Intermountain Medical Center is the first and only hospital in Utah and the Intermountain West to utilize the new technology – called Blue Light Cystoscopy with Cysview – that significantly improves detection of cancerous tumors in patients with bladder cancer.
In May 2016, Michael Peterson, 75, was diagnosed with his fourth type of cancer – bladder cancer. He had already overcome thyroid cancer, kidney cancer, and prostate cancer during the past 10 years.
“When we got word I now had bladder cancer, it was one more thing we had to get through,” said Peterson. “It was pretty devastating to me and my family. But we decided to carry on and see what’s next.”
Days later, Peterson had an outpatient procedure to remove the cancerous tumors in his bladder. However, bladder cancer is difficult to detect and has a high rate of recurrence.
“One cause of recurrent bladder cancer is that cancerous tumors often aren’t seen or detected during initial procedures, thus leaving them in there to continue growing,” said Jay Bishoff, MD, director of the Intermountain Medical Center Urological Institute in Murray. “In as many as 30 percent of bladder cancer patients, tumors that aren’t easily seen may not be removed, and the patient has a recurrence weeks or months down the road.”
Prior to the new Blue Light technology, doctors used standard cystoscopy, a procedure that allows them to look directly inside the bladder for abnormal growth with a scope, using standard white light.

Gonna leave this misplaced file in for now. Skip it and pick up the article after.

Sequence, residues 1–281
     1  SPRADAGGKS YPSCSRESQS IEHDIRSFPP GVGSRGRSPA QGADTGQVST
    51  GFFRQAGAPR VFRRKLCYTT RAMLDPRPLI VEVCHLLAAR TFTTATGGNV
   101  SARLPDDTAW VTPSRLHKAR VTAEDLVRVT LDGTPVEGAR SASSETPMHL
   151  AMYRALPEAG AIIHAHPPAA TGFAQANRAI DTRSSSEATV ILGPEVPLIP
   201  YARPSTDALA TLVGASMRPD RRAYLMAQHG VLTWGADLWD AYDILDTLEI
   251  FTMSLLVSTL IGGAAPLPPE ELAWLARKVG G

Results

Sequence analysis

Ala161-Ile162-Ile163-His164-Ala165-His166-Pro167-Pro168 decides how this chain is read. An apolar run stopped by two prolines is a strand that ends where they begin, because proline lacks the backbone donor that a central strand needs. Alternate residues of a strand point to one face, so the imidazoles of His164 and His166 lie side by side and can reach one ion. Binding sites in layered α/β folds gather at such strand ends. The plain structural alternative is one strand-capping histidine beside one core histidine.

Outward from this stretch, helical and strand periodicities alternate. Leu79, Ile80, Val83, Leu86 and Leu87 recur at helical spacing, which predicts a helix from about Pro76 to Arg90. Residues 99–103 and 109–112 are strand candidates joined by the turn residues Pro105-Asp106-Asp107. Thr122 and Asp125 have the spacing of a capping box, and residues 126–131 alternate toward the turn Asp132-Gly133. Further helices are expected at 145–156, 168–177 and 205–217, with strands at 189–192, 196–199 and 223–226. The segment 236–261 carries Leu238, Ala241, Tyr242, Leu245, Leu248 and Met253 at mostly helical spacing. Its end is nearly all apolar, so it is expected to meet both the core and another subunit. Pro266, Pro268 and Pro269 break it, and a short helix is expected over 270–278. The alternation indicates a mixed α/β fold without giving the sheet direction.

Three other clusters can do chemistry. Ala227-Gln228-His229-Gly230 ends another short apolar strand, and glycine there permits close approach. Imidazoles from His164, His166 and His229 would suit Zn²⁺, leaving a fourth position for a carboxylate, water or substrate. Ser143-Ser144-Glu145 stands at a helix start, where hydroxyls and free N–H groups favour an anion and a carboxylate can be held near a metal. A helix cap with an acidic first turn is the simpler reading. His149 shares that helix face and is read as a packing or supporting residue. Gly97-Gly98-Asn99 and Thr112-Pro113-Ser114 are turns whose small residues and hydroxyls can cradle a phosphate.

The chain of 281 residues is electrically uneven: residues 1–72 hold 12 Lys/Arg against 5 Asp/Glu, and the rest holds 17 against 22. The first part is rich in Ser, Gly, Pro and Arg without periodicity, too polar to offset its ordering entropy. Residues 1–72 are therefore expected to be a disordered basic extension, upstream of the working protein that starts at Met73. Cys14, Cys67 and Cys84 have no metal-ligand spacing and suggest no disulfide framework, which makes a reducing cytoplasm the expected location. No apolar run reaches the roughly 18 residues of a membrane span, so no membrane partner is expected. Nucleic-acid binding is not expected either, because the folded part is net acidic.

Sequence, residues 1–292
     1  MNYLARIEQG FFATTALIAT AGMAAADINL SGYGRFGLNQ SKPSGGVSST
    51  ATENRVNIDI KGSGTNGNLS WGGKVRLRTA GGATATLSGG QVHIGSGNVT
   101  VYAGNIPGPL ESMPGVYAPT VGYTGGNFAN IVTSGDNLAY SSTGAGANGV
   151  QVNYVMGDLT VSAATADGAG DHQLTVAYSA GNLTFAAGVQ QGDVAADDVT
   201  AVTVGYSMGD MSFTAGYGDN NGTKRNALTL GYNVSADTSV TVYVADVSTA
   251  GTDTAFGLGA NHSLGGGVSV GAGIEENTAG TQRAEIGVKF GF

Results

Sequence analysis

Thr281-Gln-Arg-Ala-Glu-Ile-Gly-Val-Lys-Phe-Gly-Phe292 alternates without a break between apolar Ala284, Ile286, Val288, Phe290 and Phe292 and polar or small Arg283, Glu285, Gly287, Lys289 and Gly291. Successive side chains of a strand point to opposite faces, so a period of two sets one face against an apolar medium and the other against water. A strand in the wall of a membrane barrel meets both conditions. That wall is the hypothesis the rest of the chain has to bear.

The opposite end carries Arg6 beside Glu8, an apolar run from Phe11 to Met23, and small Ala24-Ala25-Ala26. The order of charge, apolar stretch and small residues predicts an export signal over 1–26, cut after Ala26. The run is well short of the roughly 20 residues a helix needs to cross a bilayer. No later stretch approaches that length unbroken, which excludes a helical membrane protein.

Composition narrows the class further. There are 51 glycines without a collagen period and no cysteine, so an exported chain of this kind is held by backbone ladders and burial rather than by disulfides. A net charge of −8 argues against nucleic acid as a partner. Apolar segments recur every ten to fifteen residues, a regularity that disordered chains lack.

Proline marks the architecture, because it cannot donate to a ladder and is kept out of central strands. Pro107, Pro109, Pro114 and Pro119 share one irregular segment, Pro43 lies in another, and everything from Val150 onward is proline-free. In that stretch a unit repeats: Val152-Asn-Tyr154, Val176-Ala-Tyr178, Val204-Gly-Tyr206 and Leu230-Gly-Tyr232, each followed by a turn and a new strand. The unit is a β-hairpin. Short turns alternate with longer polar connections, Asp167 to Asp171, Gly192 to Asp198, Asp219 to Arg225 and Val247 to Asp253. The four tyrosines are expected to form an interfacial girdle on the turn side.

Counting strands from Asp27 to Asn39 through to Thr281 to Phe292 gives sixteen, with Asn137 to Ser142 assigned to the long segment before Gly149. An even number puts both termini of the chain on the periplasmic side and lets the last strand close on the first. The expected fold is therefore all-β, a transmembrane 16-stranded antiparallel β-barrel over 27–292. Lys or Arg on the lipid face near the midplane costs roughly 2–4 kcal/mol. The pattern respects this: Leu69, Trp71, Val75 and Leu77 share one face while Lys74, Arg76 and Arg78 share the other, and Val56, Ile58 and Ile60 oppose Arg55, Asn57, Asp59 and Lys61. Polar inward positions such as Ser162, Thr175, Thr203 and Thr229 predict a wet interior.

This current standard, however, can miss hard-to-see tumors. Combining Blue Light Cystoscopy with Cysview — an imaging solution that is delivered into the bladder and is absorbed by cancerous tissue — along with the white light, makes cancerous tumors much more visible and easy to remove.
“In Mr. Peterson’s case, we were only able to initially see a few tumors that needed to be removed while under the white light,” said Dr. Bishoff. “But once we switched to the blue light, we identified even more tumors and were able to remove all of them, thus significantly lowering his risk of recurrent bladder cancer.”
Here’s how the new technology works:
- A chemical is placed in the bladder via a catheter one hour before the procedure. During that time, the cancer cells will absorb the chemical “dye,” or material called cystview, but the normal bladder cells won’t absorb the material.
- One hour after installation, the cysview, or fluoroscopic dye, is washed out of the bladder.
- Under white light, the bladder has its normal appearance and any visible tumor is biopsied and cauterized, which destroys it.
- The new technology, or blue light, is then used to illuminate the fluorescent dye and an orange flare is easily distinguished as a tumor in contrast to the normal bladder tissue.
Bladder cancer is the sixth most commonly diagnosed cancer in the United States. The American Cancer Society estimates that 72,570 new cases of bladder cancer are diagnosed each year.
“We’re excited by this new research-based technology that more accurately diagnoses cancerous tumors in the bladder and that can provide patients with better outcomes and less chance of recurrence, all while reducing the healthcare costs of treatment,” said Dr. Bishoff.
Peterson is now able to return to his normal activities, like working in the yard and taking care of his family.“I enjoy spending time with my kids and grandkids and look forward to the extra time I get to spend with them because of the expertise and technology used on my behalf,” he said.